Skip to Content
News

‘It Was Madness,’ Says Brother of Man Killed By LAPD ‘For Holding a Plastic Fork’

“All we want to do is show that police aren’t properly trained in dealing with people with mental illness,” said Jason’s cousin, Carly Illeck. “And that a bipolar episode does not warrant a fatal gunshot.”

11:48 AM PST on February 13, 2024

    A portrait of Jason Maccani.

    A portrait of Jason Maccani.

    When Mike Maccani’s little brother, Jason Maccani, didn’t show up for a planned sibling get-together on Sunday and his calls began going to voicemail, he grew concerned.

    Then Monday morning came around, and nobody had still heard from Jason, so Mike filed a missing persons report with the Los Angeles County Sheriff’s Department (LASD).

    That evening, he received an unexpected call from the Los Angeles County Medical Examiner. Mike was driving when the coroner suggested he pull over.

    “I knew it was going to be about Jay,” Mike says of the coroner’s call.

    “Jay was killed by the police,” Mike recalls hearing the other person on the line tell him over the phone, offering scant details about the incident. “The coroner just said the police responded to a call. He told me non-lethal weapons weren’t effective, and they shot him.”

    Jason was holding a “stick,” the coroner claimed. In a thread on X, LAPD similarly suggested that Jason was armed with a “stick” during the fatal encounter with police.

    After getting off the phone with the coroner, Mike had to endure the painful task of calling his two siblings, parents, and three aunts one by one to inform them that Jason had been killed by police.

    Then he drove home. 

    “I had to just, like, suck it up and make the ten-minute drive home,” he said later. After he walked through his front door, he “crumbled” in his partner's “arms and cried.”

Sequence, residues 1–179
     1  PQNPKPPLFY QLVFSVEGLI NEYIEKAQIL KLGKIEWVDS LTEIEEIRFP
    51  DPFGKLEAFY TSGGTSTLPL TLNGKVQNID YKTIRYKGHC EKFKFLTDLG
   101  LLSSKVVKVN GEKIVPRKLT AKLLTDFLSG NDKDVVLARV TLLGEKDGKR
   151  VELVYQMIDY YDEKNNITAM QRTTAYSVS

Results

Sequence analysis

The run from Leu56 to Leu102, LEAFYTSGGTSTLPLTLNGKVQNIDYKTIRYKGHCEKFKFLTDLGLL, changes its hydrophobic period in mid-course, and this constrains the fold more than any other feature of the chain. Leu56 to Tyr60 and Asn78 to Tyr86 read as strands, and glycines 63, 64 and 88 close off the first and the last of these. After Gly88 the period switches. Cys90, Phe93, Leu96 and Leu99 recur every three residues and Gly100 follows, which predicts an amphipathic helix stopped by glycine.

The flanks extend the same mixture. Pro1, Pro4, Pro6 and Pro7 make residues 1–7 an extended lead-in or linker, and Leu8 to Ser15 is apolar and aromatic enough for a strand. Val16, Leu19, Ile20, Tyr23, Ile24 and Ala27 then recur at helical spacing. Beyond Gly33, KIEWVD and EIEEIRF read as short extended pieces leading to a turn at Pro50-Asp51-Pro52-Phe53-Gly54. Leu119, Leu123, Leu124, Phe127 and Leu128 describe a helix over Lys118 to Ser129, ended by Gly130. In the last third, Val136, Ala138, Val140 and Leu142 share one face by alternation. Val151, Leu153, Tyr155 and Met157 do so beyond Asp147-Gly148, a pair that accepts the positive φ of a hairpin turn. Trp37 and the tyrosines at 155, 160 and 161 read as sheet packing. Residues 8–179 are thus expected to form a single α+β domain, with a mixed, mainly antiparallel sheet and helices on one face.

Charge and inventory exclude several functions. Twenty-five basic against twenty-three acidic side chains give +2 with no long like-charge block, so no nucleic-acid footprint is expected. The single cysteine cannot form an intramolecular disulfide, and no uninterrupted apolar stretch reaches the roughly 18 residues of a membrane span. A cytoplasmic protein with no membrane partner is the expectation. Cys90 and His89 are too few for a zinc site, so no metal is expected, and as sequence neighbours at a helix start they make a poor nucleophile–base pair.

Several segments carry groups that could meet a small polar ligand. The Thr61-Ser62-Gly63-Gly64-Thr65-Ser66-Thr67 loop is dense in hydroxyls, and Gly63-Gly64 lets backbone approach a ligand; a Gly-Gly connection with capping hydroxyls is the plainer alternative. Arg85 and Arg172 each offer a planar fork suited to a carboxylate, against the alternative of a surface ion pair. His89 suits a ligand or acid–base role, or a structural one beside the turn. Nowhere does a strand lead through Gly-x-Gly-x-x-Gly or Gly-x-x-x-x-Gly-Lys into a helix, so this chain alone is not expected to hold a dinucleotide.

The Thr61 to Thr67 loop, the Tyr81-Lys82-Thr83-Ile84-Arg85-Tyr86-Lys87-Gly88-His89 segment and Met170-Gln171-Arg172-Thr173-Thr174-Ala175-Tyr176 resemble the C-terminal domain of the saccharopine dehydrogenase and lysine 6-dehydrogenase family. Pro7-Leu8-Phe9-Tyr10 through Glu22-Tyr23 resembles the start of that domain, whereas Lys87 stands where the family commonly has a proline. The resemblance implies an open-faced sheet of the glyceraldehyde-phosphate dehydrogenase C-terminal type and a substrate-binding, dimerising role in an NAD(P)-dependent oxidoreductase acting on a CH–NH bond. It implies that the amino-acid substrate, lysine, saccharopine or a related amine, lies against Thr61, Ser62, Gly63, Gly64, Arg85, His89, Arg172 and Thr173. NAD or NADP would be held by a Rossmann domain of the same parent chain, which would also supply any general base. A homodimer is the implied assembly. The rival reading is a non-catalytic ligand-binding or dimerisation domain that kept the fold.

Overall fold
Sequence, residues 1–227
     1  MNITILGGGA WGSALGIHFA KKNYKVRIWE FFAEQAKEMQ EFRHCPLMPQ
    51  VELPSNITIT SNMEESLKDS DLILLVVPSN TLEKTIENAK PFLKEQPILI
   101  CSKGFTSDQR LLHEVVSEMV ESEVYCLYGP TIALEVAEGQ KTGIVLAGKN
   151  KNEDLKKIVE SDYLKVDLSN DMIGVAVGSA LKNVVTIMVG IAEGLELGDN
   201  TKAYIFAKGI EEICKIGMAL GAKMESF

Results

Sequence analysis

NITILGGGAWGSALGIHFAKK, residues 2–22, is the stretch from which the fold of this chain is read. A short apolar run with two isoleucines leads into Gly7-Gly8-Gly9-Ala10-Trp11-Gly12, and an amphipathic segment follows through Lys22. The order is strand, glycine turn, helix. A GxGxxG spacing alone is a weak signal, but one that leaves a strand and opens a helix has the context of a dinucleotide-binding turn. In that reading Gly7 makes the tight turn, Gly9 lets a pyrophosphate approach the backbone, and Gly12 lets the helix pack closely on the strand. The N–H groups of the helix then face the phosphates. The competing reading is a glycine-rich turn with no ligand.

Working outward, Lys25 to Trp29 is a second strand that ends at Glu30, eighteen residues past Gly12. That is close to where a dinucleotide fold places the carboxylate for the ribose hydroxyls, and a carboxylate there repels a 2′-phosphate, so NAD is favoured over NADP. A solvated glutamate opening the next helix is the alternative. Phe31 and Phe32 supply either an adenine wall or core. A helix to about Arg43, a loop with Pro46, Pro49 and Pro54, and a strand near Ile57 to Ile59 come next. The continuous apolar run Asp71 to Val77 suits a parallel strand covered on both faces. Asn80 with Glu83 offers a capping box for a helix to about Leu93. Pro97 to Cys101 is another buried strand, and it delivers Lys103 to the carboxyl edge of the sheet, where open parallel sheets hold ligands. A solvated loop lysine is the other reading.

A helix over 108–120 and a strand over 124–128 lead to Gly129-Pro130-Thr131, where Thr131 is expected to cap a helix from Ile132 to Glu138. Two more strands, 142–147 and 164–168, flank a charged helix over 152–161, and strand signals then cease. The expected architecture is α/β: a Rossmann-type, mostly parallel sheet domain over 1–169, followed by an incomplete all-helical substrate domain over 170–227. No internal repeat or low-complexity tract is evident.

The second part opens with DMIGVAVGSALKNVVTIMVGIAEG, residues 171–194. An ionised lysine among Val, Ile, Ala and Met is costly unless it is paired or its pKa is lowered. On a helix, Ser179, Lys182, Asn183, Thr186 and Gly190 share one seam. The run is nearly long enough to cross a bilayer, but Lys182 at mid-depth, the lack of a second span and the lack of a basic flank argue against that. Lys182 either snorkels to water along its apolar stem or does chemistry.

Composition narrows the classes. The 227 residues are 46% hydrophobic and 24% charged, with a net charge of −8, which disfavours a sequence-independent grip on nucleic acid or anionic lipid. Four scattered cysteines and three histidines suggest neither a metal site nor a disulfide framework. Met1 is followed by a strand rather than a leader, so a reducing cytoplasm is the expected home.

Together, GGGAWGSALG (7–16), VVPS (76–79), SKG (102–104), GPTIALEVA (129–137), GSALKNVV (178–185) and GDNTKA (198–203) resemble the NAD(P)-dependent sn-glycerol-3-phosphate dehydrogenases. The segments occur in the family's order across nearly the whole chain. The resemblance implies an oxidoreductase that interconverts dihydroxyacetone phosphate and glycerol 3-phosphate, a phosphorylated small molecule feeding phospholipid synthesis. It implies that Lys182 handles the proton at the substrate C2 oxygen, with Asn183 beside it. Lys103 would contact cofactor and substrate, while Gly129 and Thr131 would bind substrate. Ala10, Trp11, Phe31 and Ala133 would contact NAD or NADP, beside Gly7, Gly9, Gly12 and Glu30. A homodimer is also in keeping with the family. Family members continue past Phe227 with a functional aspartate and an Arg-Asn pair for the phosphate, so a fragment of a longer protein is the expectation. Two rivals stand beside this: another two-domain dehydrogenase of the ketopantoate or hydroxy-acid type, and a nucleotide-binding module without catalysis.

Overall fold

A day later, Mike learned that Jason wasn’t holding a stick; he was holding a “white plastic fork.” 

    In an updated news release, the LAPD confirmed that Jason was holding a “white plastic fork” moments before he was fatally shot, and not a stick as the police initially suggested.

    “When I was originally told he had a stick, I was already like, ‘Are you kidding me?’” Mike said during an interview with L.A. TACO last week. When he discovered it was a plastic fork, he became so mad he “couldn’t see straight.”

    “It was anger. It was madness,” Mike said. “I’d be more scared of a closed fist [than a plastic fork].”

    Jason Alex, Erika, and Michael Maccani stand together with big smiles on their faces, at Erika's wedding. Jason, Alex and Erika are all sticking out their tongues.
    Jason, Alex, Erika, and Michael Maccani stand together at Erika's wedding.

    According to authorities, LAPD officers were called to a “warehouse” in Skid Row on February 3 at 2:14 PM after Jason allegedly entered the business and refused to leave. This was the day before Jason was supposed to meet up with his siblings in Long Beach. 

    After police arrived, the business owner insisted that the officers arrest Jason, according to a claim made by LAPD Chief Michel Moore last week during a Los Angeles Police Commission meeting.

    Officers shot Jason with a “non-lethal” 40mm projectile launcher and a beanbag shotgun while trying to take him into custody, after he allegedly "charged" at the officers with a white plastic fork in hand. Both munitions were ineffective, Chief Moore said. 

    When Jason allegedly grabbed one of the officers' beanbag shotguns, another officer shot him, according to Chief Moore. Afterward, Jason was transported to a local hospital by Los Angeles Fire Department personnel, where he was pronounced dead.